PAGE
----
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984                            Appendix V,

Its notch in the bar 49, when arriving near the end of the
measured stroke, and the saddle still proceeding leftward, the
bar 45 is relatively dragged rightward, again causing stud 45-46
to be released, and so to drop the worm out of gear. Bolted to
the faces of the hexagon head are specially shaped tools, while
boring bars may be passed through holes 55 and be held firmly
by bolts 56. The head is rotated into its various positions by
hand, the spring stud 57 deciding the same. The latter is with-
drawn by a leftward turn of the handle 58, which operates a spur
pinion 59 gearing with a rack on the side of stud 57. Fig. 905
shews two sets of gear at 42-43 which are changed as required
by the handle 60. Finally, 61 and 62 are clamps for fixing the
saddle when doing heavy work.

The Chuck is usually of concentric form : that is, the three
jaws are operated simultaneously, but an independent chuck
may be used if desired. Both of these have been described
for other lathes at p. 154. The work is fed through the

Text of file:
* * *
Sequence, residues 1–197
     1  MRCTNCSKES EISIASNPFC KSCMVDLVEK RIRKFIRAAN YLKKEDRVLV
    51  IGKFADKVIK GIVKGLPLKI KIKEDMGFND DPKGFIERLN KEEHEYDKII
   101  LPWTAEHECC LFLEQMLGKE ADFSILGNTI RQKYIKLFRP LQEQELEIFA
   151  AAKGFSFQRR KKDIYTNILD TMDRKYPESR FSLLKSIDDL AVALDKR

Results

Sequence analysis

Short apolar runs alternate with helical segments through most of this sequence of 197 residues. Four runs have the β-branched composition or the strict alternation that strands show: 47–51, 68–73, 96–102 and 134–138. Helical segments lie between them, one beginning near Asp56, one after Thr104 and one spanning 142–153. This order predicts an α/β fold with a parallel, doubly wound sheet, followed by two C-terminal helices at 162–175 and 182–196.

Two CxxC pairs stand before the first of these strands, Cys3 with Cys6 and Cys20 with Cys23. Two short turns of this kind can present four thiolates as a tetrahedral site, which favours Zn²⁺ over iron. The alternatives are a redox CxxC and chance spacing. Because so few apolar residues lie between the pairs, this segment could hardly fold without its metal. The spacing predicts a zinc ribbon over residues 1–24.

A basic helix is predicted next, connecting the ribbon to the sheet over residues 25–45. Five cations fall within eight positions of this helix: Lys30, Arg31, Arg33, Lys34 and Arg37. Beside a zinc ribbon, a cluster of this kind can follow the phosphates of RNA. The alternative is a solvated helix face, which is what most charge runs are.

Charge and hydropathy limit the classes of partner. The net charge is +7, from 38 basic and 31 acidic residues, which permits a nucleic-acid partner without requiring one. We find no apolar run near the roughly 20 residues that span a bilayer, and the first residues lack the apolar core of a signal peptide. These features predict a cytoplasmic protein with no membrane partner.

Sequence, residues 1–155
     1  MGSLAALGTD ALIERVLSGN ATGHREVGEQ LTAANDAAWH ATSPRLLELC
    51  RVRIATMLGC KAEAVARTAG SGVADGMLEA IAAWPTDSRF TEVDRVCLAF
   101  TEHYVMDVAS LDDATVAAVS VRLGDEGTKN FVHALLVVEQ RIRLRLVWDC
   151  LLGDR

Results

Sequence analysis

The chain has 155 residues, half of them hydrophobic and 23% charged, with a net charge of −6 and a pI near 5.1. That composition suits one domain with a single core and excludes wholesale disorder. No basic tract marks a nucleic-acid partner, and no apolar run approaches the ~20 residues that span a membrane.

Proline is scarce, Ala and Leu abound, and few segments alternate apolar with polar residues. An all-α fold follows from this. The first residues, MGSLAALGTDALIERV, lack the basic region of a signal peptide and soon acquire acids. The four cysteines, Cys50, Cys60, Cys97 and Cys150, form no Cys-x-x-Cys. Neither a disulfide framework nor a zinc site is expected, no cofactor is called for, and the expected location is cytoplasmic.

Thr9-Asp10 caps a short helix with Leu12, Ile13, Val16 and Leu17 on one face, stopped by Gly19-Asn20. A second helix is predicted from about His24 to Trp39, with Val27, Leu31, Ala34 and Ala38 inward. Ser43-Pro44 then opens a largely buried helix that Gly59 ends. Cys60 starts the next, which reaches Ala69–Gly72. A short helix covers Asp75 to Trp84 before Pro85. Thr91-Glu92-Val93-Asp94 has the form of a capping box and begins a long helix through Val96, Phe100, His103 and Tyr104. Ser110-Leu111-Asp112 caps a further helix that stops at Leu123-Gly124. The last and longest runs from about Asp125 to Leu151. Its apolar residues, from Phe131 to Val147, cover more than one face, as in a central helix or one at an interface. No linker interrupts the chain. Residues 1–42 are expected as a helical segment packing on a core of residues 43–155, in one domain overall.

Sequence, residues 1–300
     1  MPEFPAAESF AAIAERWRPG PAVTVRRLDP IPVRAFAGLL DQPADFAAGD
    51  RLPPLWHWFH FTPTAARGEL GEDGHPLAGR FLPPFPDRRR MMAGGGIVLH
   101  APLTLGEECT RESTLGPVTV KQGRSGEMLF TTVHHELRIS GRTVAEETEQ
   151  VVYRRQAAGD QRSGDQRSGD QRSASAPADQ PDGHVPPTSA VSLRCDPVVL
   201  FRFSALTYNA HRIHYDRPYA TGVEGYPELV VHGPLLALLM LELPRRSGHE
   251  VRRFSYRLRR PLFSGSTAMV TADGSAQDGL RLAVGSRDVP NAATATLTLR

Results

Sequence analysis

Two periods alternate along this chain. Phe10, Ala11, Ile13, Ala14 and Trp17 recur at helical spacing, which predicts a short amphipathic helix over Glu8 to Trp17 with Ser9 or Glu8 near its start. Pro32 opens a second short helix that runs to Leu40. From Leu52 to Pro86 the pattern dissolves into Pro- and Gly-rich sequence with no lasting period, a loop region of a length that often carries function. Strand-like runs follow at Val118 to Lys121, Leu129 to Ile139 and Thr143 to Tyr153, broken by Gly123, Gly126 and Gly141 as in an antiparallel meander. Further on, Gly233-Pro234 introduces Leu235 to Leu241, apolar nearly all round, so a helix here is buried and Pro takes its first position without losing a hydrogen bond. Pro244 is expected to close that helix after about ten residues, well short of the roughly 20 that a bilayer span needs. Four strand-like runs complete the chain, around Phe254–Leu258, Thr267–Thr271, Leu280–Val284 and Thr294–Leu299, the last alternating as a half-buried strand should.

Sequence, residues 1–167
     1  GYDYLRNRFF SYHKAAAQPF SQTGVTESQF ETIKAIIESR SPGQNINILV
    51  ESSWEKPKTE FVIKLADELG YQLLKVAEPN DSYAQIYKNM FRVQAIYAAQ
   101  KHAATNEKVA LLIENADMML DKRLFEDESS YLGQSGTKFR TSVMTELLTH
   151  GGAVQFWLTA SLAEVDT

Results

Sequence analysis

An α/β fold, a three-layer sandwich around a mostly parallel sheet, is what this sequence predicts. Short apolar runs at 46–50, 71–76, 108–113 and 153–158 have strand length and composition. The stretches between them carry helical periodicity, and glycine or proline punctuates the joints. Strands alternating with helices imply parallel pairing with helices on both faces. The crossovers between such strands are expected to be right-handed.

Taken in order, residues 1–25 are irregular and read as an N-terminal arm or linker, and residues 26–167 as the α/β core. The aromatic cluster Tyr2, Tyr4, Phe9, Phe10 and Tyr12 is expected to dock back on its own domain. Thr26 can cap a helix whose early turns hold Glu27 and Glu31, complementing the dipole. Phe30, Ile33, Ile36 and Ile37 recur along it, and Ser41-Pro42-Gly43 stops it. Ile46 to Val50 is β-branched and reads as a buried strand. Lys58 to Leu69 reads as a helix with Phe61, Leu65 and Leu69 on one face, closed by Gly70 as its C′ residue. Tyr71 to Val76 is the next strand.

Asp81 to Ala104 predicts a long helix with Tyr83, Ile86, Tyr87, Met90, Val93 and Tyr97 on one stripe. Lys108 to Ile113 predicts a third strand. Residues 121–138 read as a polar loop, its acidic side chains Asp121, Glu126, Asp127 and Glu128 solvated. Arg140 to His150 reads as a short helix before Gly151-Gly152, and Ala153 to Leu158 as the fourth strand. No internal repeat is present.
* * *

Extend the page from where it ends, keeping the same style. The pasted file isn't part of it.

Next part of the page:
hollow mandrel B, and a constant stream of oil is poured upon
it to take away the heat from the cut The oil pump 63 is
rotary and belt-driven, and 64 is a collecting trough for oil and

Special Tools and Holders.—As the Hexagon lathe is prin-
cipally used for repetition work, it generally pays to spend some
time designing the cutting tools to suit, and it is impossible to
shew here all that can be done in such a direction. A few of the
more important tool holders made by Messrs. Herbert are, how-
ever, illustrated in Fig. 910, all of which are intended for bolting
to the hexagonal head, A is a ' dead' centre for converting the
hexagon into a poppet head : it is provided with a fine adjusting
screw. B shews a four-flute drill in its holder, and c a floating
reamer, held by bolt d and set up by set screws e as may or may
not be needed. D is a combination boring and facing tool. The
bar is fixed in the holder by the clamp /, and is steadied in
previously chucked and drilled work at ^, the cutter being fixed
at c. The facing cutters a a may be ground to any desired shape
and fixed in heads on the holder, one or more of which, as A, are
adjustable longitudinally. The turning tool holder E is most
interesting, h is the cutting tool, which is ground-to a broad